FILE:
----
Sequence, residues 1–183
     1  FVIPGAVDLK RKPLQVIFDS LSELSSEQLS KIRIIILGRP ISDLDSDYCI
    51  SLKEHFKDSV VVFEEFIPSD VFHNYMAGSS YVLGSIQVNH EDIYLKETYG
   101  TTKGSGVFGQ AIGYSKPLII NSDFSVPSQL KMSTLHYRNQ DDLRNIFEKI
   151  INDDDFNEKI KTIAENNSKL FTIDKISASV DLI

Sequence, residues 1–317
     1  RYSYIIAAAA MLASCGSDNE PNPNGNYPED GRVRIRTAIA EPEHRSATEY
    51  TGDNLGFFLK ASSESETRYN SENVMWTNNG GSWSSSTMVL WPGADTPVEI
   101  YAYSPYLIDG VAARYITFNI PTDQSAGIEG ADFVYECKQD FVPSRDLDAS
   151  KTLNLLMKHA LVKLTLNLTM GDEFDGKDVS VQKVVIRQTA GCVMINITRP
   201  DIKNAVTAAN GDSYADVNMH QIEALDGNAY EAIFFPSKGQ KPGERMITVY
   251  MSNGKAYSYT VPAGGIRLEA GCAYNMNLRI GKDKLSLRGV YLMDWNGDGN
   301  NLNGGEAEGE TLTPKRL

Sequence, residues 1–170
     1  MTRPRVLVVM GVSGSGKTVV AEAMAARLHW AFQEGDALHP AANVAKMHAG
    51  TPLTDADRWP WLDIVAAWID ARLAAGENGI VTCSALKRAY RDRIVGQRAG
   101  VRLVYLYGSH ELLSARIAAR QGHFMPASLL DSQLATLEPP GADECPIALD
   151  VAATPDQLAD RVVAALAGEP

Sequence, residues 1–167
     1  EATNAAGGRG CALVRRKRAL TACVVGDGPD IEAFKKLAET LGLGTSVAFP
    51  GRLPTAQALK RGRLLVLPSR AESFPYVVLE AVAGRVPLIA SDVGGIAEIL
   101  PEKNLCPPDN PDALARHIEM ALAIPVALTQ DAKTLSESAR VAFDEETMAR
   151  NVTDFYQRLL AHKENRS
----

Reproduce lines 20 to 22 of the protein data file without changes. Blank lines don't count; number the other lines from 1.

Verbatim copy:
     1  EATNAAGGRG CALVRRKRAL TACVVGDGPD IEAFKKLAET LGLGTSVAFP
    51  GRLPTAQALK RGRLLVLPSR AESFPYVVLE AVAGRVPLIA SDVGGIAEIL
   101  PEKNLCPPDN PDALARHIEM ALAIPVALTQ DAKTLSESAR VAFDEETMAR